Membership of medical aid funds (or health insurance funds) is gradually becoming less affordable as salaries are usually increased in line with inflation and not medical inflation, according to the Namibia Financial Institutions Supervisory Authority in its 2018 annual report.
The report said, “This is troubling since the cost of membership of a medical aid fund and medical aid fund expenses continue to rise at a rate higher than inflation.”
The 2018 financial year saw total healthcare expenditure climb by 7.7% to N$3.5bn. Healthcare expenditure, which is influenced by the annual inflation in medical costs, has consistently exceeded the Namibia Consumer Price Index (NCPI) for the past five reporting years to 2018. This could lead to private healthcare cover for the average Namibian citizen becoming unaffordable in the years to come, says the annual report, which also notes though that in recent periods, the gap between the two indicators has narrowed.
The number of principal members of the funds declined by 1.6% to 81,490 between 2017 and 2018. The total number of dependents reduced by 0.01% from 2017 levels to 103,282 during 2018.
Nevertheless, the total number of beneficiaries in the country increased slightly from the previous reporting period namely by 0.2% to 195,805 as at 31 December 2018.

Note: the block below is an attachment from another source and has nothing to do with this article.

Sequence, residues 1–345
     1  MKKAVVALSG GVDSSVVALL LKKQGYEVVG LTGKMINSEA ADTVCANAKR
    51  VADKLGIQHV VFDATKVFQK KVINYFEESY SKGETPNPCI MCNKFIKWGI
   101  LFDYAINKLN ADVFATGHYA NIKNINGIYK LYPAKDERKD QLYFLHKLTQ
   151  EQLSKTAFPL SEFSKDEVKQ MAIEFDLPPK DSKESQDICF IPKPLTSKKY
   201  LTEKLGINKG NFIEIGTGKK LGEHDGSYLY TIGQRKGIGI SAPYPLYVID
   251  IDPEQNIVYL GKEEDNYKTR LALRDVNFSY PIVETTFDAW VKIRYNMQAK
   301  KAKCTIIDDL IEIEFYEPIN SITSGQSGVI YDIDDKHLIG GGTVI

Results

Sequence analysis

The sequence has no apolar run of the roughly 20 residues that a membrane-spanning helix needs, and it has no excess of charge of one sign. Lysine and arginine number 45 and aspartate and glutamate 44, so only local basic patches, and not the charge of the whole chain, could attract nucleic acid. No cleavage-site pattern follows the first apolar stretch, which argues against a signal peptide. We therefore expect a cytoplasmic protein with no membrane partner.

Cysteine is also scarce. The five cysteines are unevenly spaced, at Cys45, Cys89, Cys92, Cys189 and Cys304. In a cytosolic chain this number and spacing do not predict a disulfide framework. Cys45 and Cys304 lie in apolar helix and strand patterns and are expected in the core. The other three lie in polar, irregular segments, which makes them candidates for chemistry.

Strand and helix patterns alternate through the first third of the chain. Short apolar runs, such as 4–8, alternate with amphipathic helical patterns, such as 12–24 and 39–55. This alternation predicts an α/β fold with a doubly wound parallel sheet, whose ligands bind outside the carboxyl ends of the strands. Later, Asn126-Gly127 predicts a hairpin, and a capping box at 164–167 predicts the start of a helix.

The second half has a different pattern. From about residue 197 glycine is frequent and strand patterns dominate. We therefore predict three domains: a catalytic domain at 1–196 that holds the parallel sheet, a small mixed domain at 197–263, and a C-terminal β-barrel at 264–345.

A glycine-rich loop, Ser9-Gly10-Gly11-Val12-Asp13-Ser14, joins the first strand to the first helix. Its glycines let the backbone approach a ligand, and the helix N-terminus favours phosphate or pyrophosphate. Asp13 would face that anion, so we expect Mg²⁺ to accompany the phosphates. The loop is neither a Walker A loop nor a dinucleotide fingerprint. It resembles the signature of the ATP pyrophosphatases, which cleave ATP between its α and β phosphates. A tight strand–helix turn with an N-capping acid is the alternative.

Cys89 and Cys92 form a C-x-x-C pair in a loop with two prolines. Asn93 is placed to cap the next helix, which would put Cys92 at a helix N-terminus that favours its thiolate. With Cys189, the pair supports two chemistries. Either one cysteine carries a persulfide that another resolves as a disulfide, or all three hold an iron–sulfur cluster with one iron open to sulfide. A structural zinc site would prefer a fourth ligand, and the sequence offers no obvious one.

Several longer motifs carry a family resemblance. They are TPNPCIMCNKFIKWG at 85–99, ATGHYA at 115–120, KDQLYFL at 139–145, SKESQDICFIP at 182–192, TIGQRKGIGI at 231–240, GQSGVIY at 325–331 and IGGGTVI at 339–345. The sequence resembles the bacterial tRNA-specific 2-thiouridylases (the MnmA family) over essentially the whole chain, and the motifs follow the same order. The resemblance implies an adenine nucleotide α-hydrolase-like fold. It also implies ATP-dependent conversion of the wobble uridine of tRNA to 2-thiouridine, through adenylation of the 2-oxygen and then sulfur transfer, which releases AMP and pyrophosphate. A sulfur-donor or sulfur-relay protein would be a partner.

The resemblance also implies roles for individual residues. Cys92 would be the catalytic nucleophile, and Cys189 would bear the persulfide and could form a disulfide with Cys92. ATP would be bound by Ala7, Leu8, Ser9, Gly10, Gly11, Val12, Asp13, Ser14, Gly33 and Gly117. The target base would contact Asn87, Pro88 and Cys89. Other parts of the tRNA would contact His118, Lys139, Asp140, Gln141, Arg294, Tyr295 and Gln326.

As an indicator of future burdens, the increase in the total number of beneficiaries was a result of a year-on-year rise in the number of pensioners enrolled in medical aid funds. Pensioner beneficiaries accounted for 5.6% of all beneficiaries at 31 December 2018. Their number increased by 4.4% to 11,033 as at the end of 2018, compared with 10,568 pensioners at the end of 2017.
Compared with the previous reporting period, in 2018 gross contributions received rose by 5.5% to N$4.0bn ($269m). The amount of claims in 2018 was 85.6% of contributions or around $3.45bn.
On average, gross contributions over the past five financial years have increased by 11.8 %, while claims over the same five-year period grew at a higher rate, namely 12.1%. In 2018, the increase in claims outpaced that of contributions, resulting in a lower net surplus than the previous reporting year. Nonetheless, the claims ratio has remained well below 100% over the last five years, with the highest ratio of 86.1% experienced during the 2016 financial year. Contributions were thus sufficient to settle healthcare expenditure, with excess funds available to cover non-healthcare expenses and contribute to building reserves.
Overall, the medical aid funds industry in Namibia has remained well capitalised, reporting a net surplus during the 2018 calendar year,
Furthermore, the industry is deemed financially sound as it maintained a level of reserves above the minimum prudential requirement of 25.0%.
According to the annual report, there were nine active medical aid funds operating in the country at the end of 2018.